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#Health

MERS vaccine could be on the horizon

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A vaccine for the Middle East Respiratory Syndrome (MERS) coronavirus could be on the horizon with scientists revealing that a vaccine developed using synthetic DNA successfully induced protective immunity in animals against the virus.

Researchers from Perelman School of Medicine at the University of Pennsylvania carried out experiments to test the efficacy of the novel vaccine by administering it to rhesus macaques six weeks before exposure to the MERS virus. Researchers revealed that the vaccine fully protected rhesus macaques from disease.

Further, the scientists also said that the vaccine generated potentially protective antibodies in blood drawn from camels which are believed to be the purported source of MERS transmission in the Middle East.

MERS is caused by an emerging human coronavirus, which is distinct from the SARS coronavirus. Since its identification in 2012, MERS has been linked to over 1,300 infections and close to 400 deaths. It has occurred in the Arabian Peninsula, Europe, and in the U.S.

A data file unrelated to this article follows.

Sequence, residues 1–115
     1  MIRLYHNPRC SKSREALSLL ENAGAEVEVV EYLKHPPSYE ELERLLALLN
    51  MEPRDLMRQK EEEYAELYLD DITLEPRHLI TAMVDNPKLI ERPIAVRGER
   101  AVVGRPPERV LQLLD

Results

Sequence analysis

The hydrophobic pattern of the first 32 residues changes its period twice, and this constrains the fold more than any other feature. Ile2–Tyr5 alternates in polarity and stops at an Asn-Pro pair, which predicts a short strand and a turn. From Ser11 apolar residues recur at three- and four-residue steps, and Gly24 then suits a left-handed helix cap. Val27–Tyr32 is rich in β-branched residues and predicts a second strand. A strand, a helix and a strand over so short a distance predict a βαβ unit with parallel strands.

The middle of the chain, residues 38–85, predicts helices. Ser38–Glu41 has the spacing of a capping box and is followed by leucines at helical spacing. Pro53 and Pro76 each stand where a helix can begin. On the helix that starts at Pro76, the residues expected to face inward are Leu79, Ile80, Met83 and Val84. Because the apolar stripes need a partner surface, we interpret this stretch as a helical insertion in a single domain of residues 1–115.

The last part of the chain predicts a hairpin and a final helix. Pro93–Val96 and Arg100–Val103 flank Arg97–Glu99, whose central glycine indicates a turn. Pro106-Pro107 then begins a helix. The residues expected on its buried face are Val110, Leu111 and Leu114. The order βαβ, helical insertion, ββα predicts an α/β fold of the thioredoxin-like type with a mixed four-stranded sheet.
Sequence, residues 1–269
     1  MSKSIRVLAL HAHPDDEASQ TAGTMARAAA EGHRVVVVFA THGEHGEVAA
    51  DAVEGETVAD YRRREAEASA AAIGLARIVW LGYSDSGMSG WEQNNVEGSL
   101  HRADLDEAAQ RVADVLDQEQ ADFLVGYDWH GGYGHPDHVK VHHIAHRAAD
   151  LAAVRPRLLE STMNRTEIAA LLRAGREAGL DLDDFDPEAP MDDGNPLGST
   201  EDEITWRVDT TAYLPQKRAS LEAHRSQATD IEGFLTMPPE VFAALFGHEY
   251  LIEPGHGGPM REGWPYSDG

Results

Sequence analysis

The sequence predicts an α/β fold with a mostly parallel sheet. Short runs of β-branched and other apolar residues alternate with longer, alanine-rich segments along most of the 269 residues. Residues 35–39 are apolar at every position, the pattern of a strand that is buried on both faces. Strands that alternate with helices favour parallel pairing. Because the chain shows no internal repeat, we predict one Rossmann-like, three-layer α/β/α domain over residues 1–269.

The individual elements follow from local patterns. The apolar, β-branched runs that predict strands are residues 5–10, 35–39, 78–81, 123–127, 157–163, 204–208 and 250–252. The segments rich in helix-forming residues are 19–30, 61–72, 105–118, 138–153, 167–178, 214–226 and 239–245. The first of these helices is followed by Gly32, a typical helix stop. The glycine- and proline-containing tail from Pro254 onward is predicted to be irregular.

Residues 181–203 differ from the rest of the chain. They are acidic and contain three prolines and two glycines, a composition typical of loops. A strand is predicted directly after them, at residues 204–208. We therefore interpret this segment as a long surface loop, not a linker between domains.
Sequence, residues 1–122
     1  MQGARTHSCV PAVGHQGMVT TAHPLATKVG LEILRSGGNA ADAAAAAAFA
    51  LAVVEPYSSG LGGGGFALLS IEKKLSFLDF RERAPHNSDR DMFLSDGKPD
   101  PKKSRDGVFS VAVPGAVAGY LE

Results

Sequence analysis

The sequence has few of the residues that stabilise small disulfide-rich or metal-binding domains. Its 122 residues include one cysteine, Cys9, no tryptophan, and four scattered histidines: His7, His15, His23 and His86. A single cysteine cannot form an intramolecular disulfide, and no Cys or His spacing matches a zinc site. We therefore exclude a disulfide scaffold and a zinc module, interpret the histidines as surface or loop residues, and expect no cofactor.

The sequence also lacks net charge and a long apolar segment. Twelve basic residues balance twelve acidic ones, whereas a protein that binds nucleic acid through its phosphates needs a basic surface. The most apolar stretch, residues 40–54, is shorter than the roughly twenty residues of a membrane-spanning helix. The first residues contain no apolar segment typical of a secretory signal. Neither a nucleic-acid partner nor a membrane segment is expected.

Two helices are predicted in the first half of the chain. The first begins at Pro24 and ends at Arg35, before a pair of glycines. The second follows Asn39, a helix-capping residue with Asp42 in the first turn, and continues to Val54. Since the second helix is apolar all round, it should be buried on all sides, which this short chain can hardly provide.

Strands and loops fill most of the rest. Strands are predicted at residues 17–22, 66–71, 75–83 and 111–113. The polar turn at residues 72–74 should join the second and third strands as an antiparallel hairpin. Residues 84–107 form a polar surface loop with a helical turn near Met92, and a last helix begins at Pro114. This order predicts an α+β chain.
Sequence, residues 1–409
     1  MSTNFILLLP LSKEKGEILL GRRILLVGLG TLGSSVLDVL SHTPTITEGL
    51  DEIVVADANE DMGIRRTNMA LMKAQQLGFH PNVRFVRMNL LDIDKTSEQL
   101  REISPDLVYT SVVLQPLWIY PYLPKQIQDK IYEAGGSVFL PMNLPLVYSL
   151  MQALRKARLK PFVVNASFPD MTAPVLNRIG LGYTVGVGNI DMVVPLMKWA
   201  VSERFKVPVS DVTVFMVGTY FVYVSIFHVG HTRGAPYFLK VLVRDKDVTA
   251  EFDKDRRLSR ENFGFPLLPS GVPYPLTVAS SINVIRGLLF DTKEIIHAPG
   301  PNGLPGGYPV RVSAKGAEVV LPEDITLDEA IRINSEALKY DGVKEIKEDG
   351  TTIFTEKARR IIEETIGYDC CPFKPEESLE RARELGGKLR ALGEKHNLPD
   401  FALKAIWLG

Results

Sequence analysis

Researchers say that their vaccine offered protection against MERS disease in the monkeys and offered benefit to 100 percent of the animals in this study in terms of minimizing symptoms. In addition, because the vaccine was also shown to develop antibodies in camel’s blood, researchers say that the vaccine could be deployed to break this link in the MERS transmission cycle.

The vaccine also has the potential of decreasing person-to-person spread of infection in the event of an outbreak and help to protect health care workers or exposed individuals.

“This simple synthetic vaccine has the potential to overcome important production and deployment limitations, and what’s more, the vaccine is non-live, so does not pose a risk of spreading to unintended individuals”, said first author Karuppiah Muthumani, PhD, a research assistant professor of Pathology and Laboratory Medicine.

The increase in number of MERS cases around the world specifically the recent 2015 outbreak in South Korea have raised huge concerns owing to the lack of effective antiviral therapies or vaccines and because of this developing of a vaccine is on a high priority.

The study has been published in Science Translational Medicine (STM).